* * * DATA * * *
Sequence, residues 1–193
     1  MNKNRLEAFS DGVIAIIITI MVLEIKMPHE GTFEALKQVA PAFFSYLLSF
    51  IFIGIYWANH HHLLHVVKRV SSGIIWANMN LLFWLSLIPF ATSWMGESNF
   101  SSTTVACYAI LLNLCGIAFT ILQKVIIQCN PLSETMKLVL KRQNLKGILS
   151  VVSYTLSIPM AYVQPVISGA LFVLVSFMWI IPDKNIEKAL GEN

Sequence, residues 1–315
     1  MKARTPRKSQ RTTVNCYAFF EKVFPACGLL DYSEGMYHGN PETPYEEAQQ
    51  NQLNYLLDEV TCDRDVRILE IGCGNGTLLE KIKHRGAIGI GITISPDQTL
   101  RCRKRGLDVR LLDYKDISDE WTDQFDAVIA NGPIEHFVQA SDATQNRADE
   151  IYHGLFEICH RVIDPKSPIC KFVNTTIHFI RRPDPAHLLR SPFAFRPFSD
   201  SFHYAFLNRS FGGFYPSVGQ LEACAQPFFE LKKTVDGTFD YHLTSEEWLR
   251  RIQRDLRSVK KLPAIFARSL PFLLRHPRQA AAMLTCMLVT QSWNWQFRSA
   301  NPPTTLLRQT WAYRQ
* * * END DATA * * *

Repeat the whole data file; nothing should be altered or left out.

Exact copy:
Sequence, residues 1–193
     1  MNKNRLEAFS DGVIAIIITI MVLEIKMPHE GTFEALKQVA PAFFSYLLSF
    51  IFIGIYWANH HHLLHVVKRV SSGIIWANMN LLFWLSLIPF ATSWMGESNF
   101  SSTTVACYAI LLNLCGIAFT ILQKVIIQCN PLSETMKLVL KRQNLKGILS
   151  VVSYTLSIPM AYVQPVISGA LFVLVSFMWI IPDKNIEKAL GEN

Sequence, residues 1–315
     1  MKARTPRKSQ RTTVNCYAFF EKVFPACGLL DYSEGMYHGN PETPYEEAQQ
    51  NQLNYLLDEV TCDRDVRILE IGCGNGTLLE KIKHRGAIGI GITISPDQTL
   101  RCRKRGLDVR LLDYKDISDE WTDQFDAVIA NGPIEHFVQA SDATQNRADE
   151  IYHGLFEICH RVIDPKSPIC KFVNTTIHFI RRPDPAHLLR SPFAFRPFSD
   201  SFHYAFLNRS FGGFYPSVGQ LEACAQPFFE LKKTVDGTFD YHLTSEEWLR
   251  RIQRDLRSVK KLPAIFARSL PFLLRHPRQA AAMLTCMLVT QSWNWQFRSA
   301  NPPTTLLRQT WAYRQ